Mozart, Wolfgang (Austrian, 1756–91). No, not “Amadeus”; his baptismal certificate reads “Joannes Chrysostomus Wolfgangus Theophilus Mozart,” “Amadé” (the form of his middle name that Mozart himself preferred to use) being Theophilus’s Gallicized version. In fact, almost everything else Hollywood told you about him is wrong, except his child prodigy status, which even Hollywood could hardly have invented. The face that launched a thousand chocolate boxes belonged to one who seethed with anger over rivals now largely forgotten; whose repeated failures to obtain or keep well-paid jobs with emperors and prelates derived in almost every case from his own inability to hold his tongue; and who employed servants even during his worst periods of Viennese impoverishment, a detail irksome to sentimentalists. One thing in his largely misbegotten career he did get right: he acknowledged Haydn’s genius, and a symbiotic relationship existed between the two men.

To a minor composer who sniffed at an unconventional passage of Haydn’s—“I would not have written it that way”—Mozart delivered a bruising snub: “Nor would I. And do you know why? Because neither I nor you would have thought of it!” Difficult though it is to single out a solitary area of Mozart’s chamber composition for special applause, his string quintets are almost universally regarded as excelling all else that he produced in chamber genres. Of Mozart’s mature operas, The Marriage of Figaro, The Magic Flute, and Don Giovanni have been favorites for most of the last two centuries. Così Fan Tutte, on the other hand, only entered the repertoire after World War II, its few stagings before that date having often been in bowdlerized versions. No aspiring pianist would even consider ignoring the best of Mozart’s twenty-seven concertos; similarly, no aspiring conductor could possibly ignore Mozart’s three last symphonies, including the Jupiter. The list goes on. There are 626 items in the official catalogue of Mozart’s works, a catalogue compiled not by Mozart but by nineteenth-century musicologist Ludwig Köchel (hence the “K” that appears before the number of a particular composition). When it comes to discovering Mozart, you have your whole life before you.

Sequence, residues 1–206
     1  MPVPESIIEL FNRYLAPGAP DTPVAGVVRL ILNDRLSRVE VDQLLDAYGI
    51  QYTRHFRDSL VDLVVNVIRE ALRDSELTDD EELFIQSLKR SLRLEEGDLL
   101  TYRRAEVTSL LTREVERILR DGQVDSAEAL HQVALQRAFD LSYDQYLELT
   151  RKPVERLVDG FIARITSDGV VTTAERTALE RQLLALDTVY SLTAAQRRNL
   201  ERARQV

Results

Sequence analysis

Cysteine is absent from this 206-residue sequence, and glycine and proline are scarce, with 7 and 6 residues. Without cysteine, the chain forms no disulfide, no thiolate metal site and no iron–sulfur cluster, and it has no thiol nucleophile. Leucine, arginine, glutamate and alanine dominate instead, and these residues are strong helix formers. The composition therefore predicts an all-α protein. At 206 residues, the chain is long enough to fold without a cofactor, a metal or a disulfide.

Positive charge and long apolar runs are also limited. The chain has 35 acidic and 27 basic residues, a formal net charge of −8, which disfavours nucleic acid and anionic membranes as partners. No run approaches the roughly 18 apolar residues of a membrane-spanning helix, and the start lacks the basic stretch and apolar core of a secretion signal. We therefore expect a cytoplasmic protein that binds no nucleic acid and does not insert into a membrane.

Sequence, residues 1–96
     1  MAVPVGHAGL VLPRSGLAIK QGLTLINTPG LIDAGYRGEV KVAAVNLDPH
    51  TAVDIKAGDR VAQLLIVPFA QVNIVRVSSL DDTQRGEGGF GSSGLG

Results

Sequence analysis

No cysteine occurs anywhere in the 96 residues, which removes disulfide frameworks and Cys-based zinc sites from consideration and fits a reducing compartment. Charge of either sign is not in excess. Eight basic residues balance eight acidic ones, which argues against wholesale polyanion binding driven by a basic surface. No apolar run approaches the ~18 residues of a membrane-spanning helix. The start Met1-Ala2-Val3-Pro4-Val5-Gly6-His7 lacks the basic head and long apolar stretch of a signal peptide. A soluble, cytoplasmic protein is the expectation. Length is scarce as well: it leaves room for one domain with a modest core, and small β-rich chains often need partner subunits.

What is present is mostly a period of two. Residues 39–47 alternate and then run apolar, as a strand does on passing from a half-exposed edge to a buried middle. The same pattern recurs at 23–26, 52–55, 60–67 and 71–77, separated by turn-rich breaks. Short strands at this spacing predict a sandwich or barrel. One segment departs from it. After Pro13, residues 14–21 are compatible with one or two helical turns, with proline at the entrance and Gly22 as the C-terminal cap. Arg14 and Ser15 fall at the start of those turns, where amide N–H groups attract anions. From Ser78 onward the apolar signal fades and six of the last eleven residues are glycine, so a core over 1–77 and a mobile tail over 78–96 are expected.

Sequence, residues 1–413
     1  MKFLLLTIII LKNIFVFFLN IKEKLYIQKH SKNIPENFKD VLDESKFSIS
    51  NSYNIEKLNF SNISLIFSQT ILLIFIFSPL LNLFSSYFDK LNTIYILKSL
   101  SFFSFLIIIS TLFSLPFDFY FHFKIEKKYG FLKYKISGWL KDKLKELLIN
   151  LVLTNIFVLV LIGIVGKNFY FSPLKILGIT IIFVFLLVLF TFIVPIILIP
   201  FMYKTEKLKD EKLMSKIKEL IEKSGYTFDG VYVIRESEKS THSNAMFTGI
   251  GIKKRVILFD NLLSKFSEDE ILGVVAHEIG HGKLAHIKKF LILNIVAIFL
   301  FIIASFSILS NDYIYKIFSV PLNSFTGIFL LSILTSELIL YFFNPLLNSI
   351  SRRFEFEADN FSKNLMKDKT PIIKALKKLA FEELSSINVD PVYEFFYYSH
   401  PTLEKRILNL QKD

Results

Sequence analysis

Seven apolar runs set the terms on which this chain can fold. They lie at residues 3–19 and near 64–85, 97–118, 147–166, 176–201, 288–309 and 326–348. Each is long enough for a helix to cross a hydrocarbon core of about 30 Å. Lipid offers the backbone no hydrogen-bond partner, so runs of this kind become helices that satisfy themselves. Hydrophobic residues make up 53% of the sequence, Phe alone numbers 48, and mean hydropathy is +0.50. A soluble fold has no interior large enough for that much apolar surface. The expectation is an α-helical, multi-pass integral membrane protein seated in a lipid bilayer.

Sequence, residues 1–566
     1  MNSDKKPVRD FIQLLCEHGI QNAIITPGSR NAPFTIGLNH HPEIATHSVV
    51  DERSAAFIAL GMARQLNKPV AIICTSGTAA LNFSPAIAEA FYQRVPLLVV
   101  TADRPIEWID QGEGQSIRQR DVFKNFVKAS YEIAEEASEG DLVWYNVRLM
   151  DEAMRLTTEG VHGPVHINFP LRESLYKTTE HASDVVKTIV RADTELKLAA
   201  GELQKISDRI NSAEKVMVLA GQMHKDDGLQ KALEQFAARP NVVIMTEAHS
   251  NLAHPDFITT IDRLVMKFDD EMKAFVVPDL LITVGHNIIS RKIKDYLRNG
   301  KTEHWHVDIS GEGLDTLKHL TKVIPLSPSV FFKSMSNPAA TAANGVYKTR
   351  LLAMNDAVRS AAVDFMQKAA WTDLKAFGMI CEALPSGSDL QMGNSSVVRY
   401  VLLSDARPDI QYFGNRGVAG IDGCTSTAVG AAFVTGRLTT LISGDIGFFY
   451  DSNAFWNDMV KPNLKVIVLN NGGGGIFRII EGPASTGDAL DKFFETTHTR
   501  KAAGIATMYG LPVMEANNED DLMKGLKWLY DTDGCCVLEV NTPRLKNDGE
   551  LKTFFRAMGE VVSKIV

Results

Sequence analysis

Books mentioned in this essay may be found in The Imaginative Conservative Bookstore. This excerpt is from the Intercollegiate Studies Institute’s A Student’s Guide to Music History written by R.J. Stove. We highly recommend this to all who wish to learn more of classical music.

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